May 23 through May 27.
Those are the dates Florida Gov. Ron DeSantis has set aside for a special session of the Florida Legislature to address a number of changes that could ameliorate what many have called a property insurance crisis in the state.
In a proclamation issued Tuesday afternoon, the governor listed seven reasons for convening lawmakers, including insurance industry losses, excessive claims litigation, rising homeowner premiums, insurer insolvencies and the rapdily expanding girth of the state-run Citizens Property Insurance Corp.
“Whereas, the Florida insurance industry has seen two straight years of net underwriting losses exceeding $1 billion each year; and … whereas, it is necessary for the State of Florida to act to stabilize the insurance market for Florida policyholders before the 2022 Atlantic Hurricane Season, which begins on June 1st,” it is prudent to call a special session, the proclamation reads.
Insurance industry insiders praised the move, but a few wondered how far some House of Representative members may go on reform measures. A statement by House Speaker Chris Sprowls, who has downplayed the need for further reforms, did not sound overly enthusiastic.
“We look forward to working with our partners to evaluate whether there is more we can do to address the availability and affordability of property insurance,” Sprowls said Tuesday, according to news reports. “The Florida House will remain primarily focused on addressing the needs of the policyholders of Florida.”
Others noted that DeSantis, fresh off a total victory in last week’s special session on redistricting and retaliation against the Disney Corp., appears to have the power to steer lawmakers toward significant changes.
“I think it will really come down to what the governor wants to do,” said Melissa Burt DeVriese, president of Security First Insurance, one of Florida’s largest property-casualty insurers. “If he wants to address some of the major cost drivers, such as litigation, I think the governor could get it done and it would be a huge help to the industry.”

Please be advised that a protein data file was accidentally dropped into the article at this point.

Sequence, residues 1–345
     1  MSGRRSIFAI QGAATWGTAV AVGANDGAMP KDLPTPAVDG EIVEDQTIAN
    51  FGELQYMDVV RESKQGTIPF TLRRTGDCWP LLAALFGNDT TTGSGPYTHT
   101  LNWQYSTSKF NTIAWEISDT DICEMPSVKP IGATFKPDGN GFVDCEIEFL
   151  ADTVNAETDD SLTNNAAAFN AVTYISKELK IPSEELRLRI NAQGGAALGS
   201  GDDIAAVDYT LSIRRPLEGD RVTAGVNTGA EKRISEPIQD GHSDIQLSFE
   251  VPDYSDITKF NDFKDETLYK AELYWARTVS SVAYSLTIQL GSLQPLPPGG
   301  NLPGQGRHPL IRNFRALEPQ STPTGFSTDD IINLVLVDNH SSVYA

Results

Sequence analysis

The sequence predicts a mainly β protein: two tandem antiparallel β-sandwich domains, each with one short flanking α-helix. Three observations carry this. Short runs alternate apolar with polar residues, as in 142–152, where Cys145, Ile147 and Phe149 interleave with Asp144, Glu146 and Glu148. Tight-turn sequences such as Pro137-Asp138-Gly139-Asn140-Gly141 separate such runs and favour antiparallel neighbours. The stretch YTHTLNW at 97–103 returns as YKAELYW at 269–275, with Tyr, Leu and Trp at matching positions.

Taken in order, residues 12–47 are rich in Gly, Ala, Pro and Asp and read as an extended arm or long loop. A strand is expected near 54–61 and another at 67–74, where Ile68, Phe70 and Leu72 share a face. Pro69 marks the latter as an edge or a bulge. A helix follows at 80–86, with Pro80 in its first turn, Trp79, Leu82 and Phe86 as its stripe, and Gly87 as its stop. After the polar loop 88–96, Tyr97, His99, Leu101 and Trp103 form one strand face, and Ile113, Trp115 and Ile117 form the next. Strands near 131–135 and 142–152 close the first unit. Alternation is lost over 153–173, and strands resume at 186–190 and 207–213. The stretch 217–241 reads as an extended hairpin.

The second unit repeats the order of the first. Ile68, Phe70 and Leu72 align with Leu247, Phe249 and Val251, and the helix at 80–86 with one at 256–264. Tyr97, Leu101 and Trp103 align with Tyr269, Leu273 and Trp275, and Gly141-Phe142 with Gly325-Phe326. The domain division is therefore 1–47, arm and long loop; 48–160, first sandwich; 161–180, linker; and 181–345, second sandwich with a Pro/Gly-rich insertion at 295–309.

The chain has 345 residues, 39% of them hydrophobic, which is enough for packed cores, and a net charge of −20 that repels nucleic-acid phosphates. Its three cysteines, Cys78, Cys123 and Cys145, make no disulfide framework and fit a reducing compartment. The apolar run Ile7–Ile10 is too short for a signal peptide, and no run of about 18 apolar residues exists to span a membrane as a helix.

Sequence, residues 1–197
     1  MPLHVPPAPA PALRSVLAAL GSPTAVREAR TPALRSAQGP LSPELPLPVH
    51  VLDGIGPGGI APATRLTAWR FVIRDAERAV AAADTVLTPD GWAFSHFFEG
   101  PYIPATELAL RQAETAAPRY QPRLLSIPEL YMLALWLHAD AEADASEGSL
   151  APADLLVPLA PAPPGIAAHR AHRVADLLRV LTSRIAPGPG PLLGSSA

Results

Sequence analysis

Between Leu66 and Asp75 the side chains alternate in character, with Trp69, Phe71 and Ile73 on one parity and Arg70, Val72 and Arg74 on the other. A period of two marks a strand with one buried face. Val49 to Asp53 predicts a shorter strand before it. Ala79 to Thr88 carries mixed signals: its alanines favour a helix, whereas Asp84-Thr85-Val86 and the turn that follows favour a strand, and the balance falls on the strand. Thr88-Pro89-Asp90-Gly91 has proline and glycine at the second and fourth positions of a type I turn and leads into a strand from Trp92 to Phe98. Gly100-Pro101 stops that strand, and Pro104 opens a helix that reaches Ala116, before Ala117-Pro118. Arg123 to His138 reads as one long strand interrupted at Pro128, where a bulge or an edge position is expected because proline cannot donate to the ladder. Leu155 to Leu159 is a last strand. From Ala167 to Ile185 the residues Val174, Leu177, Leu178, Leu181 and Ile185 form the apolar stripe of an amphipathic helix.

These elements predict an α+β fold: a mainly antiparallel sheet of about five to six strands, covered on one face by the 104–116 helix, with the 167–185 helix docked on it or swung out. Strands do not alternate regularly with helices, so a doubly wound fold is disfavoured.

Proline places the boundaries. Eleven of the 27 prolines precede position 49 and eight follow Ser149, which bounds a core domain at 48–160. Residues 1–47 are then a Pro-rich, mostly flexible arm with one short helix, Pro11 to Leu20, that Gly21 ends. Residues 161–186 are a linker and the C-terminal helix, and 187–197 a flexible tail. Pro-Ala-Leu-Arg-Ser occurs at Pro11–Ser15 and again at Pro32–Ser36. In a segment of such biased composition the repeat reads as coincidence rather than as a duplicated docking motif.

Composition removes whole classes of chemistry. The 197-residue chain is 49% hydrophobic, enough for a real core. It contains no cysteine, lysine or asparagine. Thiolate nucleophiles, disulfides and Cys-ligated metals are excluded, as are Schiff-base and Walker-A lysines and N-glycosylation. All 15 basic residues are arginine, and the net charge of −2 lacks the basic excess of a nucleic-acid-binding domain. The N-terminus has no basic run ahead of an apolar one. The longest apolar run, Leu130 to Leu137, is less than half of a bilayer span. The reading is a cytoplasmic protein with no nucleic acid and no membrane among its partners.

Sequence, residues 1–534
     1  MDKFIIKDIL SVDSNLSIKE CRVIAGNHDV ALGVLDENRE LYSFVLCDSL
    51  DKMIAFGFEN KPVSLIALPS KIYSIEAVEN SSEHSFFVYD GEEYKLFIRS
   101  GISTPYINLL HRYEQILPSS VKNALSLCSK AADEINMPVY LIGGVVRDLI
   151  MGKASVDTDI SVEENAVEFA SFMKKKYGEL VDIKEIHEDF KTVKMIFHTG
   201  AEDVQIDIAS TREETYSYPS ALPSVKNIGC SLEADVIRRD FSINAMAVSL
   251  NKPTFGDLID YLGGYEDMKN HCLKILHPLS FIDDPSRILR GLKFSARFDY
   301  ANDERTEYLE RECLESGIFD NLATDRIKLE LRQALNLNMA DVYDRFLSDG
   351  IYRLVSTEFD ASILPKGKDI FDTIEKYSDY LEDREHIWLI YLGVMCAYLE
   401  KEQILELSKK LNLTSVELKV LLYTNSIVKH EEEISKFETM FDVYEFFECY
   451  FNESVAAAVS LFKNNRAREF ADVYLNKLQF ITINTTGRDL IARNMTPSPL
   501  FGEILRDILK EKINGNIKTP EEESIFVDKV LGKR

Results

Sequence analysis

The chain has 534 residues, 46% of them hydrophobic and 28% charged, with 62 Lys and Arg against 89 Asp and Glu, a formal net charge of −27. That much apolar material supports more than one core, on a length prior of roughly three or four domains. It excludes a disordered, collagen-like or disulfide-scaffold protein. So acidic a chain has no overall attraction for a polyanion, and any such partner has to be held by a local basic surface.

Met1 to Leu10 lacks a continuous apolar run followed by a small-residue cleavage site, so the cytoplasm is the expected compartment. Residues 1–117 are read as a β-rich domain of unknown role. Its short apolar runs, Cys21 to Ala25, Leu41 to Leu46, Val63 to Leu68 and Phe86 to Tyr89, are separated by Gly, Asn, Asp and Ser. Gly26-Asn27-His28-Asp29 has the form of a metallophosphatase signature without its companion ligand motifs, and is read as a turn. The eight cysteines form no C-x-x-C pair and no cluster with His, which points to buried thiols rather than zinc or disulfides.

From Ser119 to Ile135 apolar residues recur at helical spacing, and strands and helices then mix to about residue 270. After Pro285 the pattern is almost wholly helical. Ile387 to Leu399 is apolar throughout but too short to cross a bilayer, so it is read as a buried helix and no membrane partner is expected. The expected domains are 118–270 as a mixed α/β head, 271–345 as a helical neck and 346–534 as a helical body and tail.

Florida’s chief financial officer, whose office oversees insurance and agent regulation, applauded the proclamation.
“The timing of this special session is especially prudent as it would convene before the start of the 2022 hurricane season in June, which is already predicted to be an extremely active storm season,” Jimmy Patronis said in a statement. “The sooner we tackle needed property insurance reforms, the sooner Florida consumers can reap the benefits of these policy changes.”
The special session apparently will not include condominium reforms or condo insurance issues, despite an editorial in the Miami Herald this week. Insurance premiums on high-rise condominiums have spiked since the Champlain Towers South building collapsed near Miami Beach in June 2021 that killed 98 people. A number of insurers have declined to write condo insurance while others are demanding more extensive inspection records, the Herald noted.
Along with significant property insurance changes, Florida lawmakers also failed to adopt tougher condo inspection and cash-reserve laws during the regular session this year that ended in March.
The governor’s proclamation also raised some eyebrows for three items on the session’s agenda. In addition to property insurance and reinsurance, the session will also consider legislation related to the Florida Office of Insurance Regulation and “appropriations.”
Speculation among some industry analysts Tuesday was that DeSantis may want to see funding for more positions at the agency, perhaps to give it the ability to move more quickly on regulatory changes and rate reviews.
The agenda also will include changes to the Florida Building Code, the governor indicated. That also caught some off guard, since the state Building Commission already is scheduled to consider changes to the code, including revisions to the section that, in many cases, requires full roof replacement if just 25% of a roof section is damaged.
The announcement also updated some often-quoted figures that seem to sum up the state of the insurance market in Florida. The OIR last year said that data from the National Association of Insurance Commissioners shows that while Florida accounted for about 8% of all homeowner insurance claims in the United States in 2019, Florida homeowner insurance lawsuits made up 76% of all litigation against insurers, nationwide.
DeSantis’ proclamation said those numbers have now grown to 9% and 79%. That could indicate that 2019 and 2021 legislative reforms designed to reduce claims litigation have had little effect.
The session is scheduled to begin at 9 a.m. on May 23, a Monday, and extend no later than midnight on Friday.
Top photo: The Tallahassee skyline, courtesy VisitTallahassee.com.
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